CINEMA, 16mm _ This makes you want to discuss over again the question of length. But there is no shortcut for it and that is the best way to document something. Of course it can be boring to some. Especially if you grew up with bad TV habits. But this is educational and essential for the way you look at things. And the long trademark traveling shots reminded me of those made in NYC 16 years earlier. Magic.
A rigorous look at a post-Cold War world. I love the way Chantal Akerman blurs the line between reality and fiction, perhaps reflecting the state of mind that people were in at this time, allowing for her subjects to look directly into the camera and wave. Simultaneously, this acts as a critique on contemporary docs and embraces the "artifice". Brilliant!
The grayness of post-Soviet society and perception of otherness looking at peoples living distinctly human lives yet lives often distinctly distorted from the perceived "normality" of advanced Western existence is channeled in Akerman's quasi documentary. Rarely, if at all, does she show a smile or a bright picturesque landscape. A failed empire and it's people waiting with uncertainty for what comes next.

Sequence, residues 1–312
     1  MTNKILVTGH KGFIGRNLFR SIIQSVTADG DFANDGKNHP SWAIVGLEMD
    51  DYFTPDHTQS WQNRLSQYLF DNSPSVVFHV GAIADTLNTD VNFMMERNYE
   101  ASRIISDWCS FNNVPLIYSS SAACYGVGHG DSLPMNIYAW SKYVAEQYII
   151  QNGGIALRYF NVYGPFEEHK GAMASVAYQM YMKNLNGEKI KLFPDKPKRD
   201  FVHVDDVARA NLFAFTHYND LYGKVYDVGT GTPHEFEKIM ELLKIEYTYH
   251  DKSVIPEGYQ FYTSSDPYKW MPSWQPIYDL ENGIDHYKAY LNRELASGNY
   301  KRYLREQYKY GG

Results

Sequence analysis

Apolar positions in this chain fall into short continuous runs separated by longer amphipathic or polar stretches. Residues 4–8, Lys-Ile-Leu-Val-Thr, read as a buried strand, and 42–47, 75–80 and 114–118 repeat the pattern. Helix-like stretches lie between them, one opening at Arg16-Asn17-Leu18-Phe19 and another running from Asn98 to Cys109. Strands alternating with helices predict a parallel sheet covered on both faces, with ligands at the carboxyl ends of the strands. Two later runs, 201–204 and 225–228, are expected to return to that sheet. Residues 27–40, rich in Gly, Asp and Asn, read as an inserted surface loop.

A bit long, and a bit repetitive. I do appreciate films that give the viewer the leisure and freedom to explore an image without being jerked from one thing to another by manipulative camera work or fast editing. However, this strategy works best when the viewer is given interesting things to look at. I did like the landscapes and cityscapes and views inside the living spaces of ordinary people.
Literally a tracking shot of the early days after the tearing down of the Iron Curtain. A documentary without words, with some moments presumably staged. Faces look long. Little sign of euphoria. A few faces may have a hint of a self-conscious smile, but overall, the feeling is that of wariness of the probing camera. An old reflex? Like a Foucaldian optic, the lens has the effect of a panoptic eye.
Beautifully evocative with a clear respect for its locations and temporality - unlike so many other "let's capture this moment for history" documentaries. D'Est manages to simultaneously reflect with sincerity and subtle awareness on globalization and the ephemerality of culture.